I’m in the early days of a series on the ministry gifts of Ephesians 4. In my own studies of Scripture, I am convinced of the necessity of all five of these giftings to help equip the body of Christ to accomplish all that God desires. Yes, that means I believe both the ministries of apostle and prophet still exist today, actually are needed today.
Now, I do realise such is a loaded proposition (I am already beginning to dodge the stones left and right). But I am slowly working my way forward as I share why I believe Jesus still desires to gift people in these ministries. In simple form, I listed these 4 points:
- Jesus, Himself, functioned in all five of these ministries.
- The Holy Spirit also functions in all five of these ministries
- The body of Christ, empowered by the Spirit of Christ, is now called to be all of Christ in all of the earth.
- Therefore, Christ’s desire is to continue to gift people in such ministry roles.
I also put forth the important point that, when we consider these five ministry roles, the best person to start with is Jesus. We don’t start with Paul or Peter or John, nor even your favourite pastor. We start with Jesus, since He was the greatest apostle, prophet, evangelist, pastor and teacher.
In my last article, I specifically considered how Christ was the great apostle. We might not usually think of Jesus as an apostle. But he was the greatest ‘sent one’ in the history of mankind. And he was faithful to the Father’s mission (missionary and apostle are very synonymous in meaning).
So, in this article, I want to finish out considering how Jesus was not only the great apostle, but also the great prophet, evangelist, shepherd and teacher.
Jesus As Prophet
When we speak of Jesus as a prophet, we can possibly think of other religions (Islam, etc.) that would only consider Jesus as a ‘good prophet’, but would not consider him the divine Son. Thus, to refer to Jesus as a prophet can sound derogatory to some Christians.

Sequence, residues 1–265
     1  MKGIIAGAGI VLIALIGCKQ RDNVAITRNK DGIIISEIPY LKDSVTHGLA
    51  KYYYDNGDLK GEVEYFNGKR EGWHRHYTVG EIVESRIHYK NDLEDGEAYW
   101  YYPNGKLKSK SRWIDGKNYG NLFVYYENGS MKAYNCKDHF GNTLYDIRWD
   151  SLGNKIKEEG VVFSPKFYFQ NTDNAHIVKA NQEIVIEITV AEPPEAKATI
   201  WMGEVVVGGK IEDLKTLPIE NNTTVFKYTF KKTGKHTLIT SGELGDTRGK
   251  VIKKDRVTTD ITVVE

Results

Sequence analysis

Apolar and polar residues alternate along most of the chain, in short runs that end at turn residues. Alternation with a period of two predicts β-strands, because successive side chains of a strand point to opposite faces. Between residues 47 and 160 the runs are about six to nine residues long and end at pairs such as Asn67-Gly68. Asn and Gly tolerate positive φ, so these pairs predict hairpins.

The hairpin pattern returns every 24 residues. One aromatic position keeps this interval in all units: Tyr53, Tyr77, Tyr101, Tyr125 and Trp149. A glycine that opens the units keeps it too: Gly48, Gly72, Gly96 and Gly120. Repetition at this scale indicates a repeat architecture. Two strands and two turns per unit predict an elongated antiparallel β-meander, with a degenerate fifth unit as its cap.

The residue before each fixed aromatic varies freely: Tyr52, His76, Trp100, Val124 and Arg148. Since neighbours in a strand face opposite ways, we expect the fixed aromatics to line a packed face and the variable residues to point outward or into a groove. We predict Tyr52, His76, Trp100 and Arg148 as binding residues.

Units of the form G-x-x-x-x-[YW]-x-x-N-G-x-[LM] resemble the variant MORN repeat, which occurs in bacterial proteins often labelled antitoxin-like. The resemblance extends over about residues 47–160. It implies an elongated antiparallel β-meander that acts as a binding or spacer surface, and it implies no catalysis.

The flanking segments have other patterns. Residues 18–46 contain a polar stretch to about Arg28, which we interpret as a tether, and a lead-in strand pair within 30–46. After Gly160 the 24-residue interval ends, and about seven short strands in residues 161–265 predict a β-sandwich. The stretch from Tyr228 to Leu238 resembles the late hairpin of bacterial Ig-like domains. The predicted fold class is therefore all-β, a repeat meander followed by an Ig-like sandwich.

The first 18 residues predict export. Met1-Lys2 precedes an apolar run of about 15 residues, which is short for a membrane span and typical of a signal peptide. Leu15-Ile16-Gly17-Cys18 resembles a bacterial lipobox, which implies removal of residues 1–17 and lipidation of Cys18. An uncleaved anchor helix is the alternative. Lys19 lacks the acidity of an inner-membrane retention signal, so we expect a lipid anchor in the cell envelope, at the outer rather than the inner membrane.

But, while we most assuredly would affirm Christ’s divinity as part of our Triune God, we also must recognise Christ as the greatest prophet who ever walked the earth. And, if we think about it, that’s not too difficult of a proposition. We see some references in the New Testament to Jesus as prophet, though many rejected him as such:
And though he [Herod the tetrarch] wanted to put him [Jesus] to death, he feared the people, because they held him to be a prophet. (Matthew 14:5)
10 And when he entered Jerusalem, the whole city was stirred up, saying, “Who is this?” 11 And the crowds said, “This is the prophet Jesus, from Nazareth of Galilee.” (Matthew 21:10-11)
17 And he said to them, “What is this conversation that you are holding with each other as you walk?” And they stood still, looking sad. 18 Then one of them, named Cleopas, answered him, “Are you the only visitor to Jerusalem who does not know the things that have happened there in these days?” 19 And he said to them, “What things?” And they said to him, “Concerning Jesus of Nazareth, a man who was a prophet mighty in deed and word before God and all the people, 20 and how our chief priests and rulers delivered him up to be condemned to death, and crucified him.” (Luke 24:17-20)
We recognise Jesus as a prophet because he spoke the very words of God (see John 3:34). And, even more, we see Jesus was the very Word of God made flesh (John 1:1). Thus, I think we can all pretty much agree Jesus was the great prophet that was to come.
Jesus As Evangelist